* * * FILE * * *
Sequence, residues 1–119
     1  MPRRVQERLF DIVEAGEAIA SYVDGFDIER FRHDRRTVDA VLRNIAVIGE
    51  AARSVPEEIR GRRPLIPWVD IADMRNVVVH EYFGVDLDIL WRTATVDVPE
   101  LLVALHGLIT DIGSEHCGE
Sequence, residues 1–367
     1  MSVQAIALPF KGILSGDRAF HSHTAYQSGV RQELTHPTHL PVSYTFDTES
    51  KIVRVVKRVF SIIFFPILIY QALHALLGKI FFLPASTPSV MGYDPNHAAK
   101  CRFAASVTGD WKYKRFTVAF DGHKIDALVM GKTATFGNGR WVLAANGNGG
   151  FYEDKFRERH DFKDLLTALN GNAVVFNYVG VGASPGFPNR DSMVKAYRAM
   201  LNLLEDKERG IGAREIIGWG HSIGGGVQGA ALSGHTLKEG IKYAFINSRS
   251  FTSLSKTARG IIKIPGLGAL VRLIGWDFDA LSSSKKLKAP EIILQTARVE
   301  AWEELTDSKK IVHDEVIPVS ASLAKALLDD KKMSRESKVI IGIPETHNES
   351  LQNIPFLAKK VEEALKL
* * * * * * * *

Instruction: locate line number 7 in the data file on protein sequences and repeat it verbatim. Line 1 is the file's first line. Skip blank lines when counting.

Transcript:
    51  KIVRVVKRVF SIIFFPILIY QALHALLGKI FFLPASTPSV MGYDPNHAAK